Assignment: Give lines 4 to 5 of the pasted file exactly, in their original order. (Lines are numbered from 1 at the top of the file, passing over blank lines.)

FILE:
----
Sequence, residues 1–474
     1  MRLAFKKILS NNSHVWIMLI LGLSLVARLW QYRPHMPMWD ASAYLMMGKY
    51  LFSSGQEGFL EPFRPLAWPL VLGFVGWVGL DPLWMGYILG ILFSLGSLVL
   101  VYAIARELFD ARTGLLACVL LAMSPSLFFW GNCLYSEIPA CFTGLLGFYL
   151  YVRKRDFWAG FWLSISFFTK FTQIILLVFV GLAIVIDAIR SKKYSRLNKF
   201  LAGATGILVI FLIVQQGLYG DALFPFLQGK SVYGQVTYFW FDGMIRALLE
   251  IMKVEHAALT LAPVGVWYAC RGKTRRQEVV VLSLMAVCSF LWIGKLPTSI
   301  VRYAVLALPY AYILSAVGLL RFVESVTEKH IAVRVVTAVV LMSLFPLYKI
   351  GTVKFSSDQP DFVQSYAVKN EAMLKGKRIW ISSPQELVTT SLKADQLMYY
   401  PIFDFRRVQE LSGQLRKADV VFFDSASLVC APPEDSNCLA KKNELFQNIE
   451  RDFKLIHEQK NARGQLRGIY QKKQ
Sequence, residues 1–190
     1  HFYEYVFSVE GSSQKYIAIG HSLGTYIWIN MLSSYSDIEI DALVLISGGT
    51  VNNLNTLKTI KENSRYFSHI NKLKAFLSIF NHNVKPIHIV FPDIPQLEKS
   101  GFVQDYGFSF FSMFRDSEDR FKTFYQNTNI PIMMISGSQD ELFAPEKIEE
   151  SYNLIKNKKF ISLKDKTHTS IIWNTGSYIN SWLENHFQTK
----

   101  VYAIARELFD ARTGLLACVL LAMSPSLFFW GNCLYSEIPA CFTGLLGFYL
   151  YVRKRDFWAG FWLSISFFTK FTQIILLVFV GLAIVIDAIR SKKYSRLNKF